4. Transcriptome Bioinformatical Analysis of Vertebrate Stages of Schistosoma japonicum Reveals Alternative Splicing Events

    PubMed Central

    Wang, Xinye; Xu, Xindong; Lu, Xingyu; Zhang, Yuanbin; Pan, Weiqing

    2015-01-01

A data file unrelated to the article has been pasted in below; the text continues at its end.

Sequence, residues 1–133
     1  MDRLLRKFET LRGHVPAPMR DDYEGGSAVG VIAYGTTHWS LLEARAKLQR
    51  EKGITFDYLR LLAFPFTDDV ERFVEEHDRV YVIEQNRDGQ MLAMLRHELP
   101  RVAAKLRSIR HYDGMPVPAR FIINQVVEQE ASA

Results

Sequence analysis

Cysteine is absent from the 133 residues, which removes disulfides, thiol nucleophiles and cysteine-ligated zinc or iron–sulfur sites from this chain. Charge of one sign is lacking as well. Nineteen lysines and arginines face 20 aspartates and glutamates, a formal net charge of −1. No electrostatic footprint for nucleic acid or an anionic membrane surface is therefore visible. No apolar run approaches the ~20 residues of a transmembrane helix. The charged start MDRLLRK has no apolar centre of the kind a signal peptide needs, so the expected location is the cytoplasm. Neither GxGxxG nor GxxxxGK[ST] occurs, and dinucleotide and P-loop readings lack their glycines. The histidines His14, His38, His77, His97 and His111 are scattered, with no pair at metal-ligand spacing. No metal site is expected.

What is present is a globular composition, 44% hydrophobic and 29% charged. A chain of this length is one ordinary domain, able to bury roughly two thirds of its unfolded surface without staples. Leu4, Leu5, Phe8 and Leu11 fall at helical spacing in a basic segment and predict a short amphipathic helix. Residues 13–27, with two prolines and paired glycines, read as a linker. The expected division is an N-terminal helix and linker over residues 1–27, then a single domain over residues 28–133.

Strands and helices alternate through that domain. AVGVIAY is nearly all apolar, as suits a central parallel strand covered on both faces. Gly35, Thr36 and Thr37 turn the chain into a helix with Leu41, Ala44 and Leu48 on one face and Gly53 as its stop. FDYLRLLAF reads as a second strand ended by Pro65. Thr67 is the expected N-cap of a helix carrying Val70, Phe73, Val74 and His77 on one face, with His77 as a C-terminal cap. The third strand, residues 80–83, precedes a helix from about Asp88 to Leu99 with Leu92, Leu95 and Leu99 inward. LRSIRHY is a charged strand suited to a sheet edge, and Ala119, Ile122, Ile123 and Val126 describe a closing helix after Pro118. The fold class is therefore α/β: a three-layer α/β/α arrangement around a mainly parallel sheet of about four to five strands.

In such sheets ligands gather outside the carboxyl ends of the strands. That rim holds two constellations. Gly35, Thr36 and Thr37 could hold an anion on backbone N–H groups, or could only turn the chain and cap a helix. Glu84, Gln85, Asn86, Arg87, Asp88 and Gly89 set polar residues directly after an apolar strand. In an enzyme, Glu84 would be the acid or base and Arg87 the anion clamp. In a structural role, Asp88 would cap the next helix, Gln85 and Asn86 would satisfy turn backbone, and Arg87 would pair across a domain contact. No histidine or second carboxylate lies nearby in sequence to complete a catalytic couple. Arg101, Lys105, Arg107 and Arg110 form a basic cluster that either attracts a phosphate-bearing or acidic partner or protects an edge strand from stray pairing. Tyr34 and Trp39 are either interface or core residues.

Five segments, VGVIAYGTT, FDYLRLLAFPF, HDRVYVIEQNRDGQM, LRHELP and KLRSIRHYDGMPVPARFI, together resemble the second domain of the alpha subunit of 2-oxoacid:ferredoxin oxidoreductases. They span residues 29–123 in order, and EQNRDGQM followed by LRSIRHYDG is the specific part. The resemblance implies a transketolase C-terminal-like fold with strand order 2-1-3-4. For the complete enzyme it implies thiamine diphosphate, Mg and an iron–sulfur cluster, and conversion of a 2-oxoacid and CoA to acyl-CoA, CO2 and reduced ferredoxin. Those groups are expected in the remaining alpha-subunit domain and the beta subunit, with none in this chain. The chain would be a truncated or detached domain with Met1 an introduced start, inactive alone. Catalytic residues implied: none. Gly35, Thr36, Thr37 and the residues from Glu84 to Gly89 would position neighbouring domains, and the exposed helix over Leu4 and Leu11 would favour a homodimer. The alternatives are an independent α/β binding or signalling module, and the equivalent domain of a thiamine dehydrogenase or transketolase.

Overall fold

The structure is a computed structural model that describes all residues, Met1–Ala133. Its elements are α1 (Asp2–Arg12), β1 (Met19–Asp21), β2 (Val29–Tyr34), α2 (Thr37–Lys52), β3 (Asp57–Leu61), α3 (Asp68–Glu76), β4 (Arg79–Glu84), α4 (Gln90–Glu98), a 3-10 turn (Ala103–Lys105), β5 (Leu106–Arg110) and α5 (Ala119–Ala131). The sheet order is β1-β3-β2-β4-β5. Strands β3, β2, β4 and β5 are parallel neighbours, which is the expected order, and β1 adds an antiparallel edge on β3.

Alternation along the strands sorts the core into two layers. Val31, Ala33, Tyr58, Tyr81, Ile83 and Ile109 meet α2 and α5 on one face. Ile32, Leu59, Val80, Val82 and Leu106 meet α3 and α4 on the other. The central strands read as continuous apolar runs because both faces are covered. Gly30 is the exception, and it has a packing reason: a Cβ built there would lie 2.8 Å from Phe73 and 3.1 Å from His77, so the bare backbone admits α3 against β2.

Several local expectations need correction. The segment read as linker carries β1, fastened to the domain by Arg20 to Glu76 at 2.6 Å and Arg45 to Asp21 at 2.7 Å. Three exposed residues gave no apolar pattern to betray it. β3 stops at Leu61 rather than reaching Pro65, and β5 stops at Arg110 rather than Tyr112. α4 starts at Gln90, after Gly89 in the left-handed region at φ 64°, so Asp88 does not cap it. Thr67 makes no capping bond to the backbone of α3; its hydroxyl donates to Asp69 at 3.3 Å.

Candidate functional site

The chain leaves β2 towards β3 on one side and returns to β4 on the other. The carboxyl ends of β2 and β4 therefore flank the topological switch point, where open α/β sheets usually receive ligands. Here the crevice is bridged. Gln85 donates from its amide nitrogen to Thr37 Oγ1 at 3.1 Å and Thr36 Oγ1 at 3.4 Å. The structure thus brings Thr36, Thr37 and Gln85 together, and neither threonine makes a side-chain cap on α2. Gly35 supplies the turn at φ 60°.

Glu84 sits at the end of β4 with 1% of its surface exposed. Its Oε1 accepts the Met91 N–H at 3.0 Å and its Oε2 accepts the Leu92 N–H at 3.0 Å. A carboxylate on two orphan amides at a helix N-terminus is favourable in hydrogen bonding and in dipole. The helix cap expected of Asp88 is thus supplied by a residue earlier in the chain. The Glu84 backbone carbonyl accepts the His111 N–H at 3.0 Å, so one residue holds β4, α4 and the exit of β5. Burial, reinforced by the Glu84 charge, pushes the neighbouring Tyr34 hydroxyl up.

Alternative splicing is a molecular process that contributes greatly to the diversification of proteome and to gene functions. Understanding the mechanisms of stage-specific alternative splicing can provide a better understanding of the development of eukaryotes and the functions of different genes. Schistosoma japonicum is an infectious blood-dwelling trematode with a complex lifecycle that causes the tropical disease schistosomiasis. In this study, we analyzed the transcriptome of Schistosoma japonicum to discover alternative splicing events in this parasite, by applying RNA-seq to cDNA library of adults and schistosomula. Results were validated by RT-PCR and sequencing. We found 11,623 alternative splicing events among 7,099 protein encoding genes and average proportion of alternative splicing events per gene was 42.14%. We showed that exon skip is the most common type of alternative splicing events as found in high eukaryotes, whereas intron retention is the least common alternative splicing type. According to intron boundary analysis, the parasite possesses same intron boundaries as other organisms, namely the classic “GT-AG” rule. And in alternative spliced introns or exons, this rule is less strict. And we have attempted to detect alternative splicing events in genes encoding proteins with signal peptides and transmembrane helices, suggesting that alternative splicing could change subcellular locations of specific gene products. Our results indicate that alternative splicing is prevalent in this parasitic worm, and that the worm is close to its hosts. The revealed secretome involved in alternative splicing implies new perspective into understanding interaction between the parasite and its host. PMID:26407301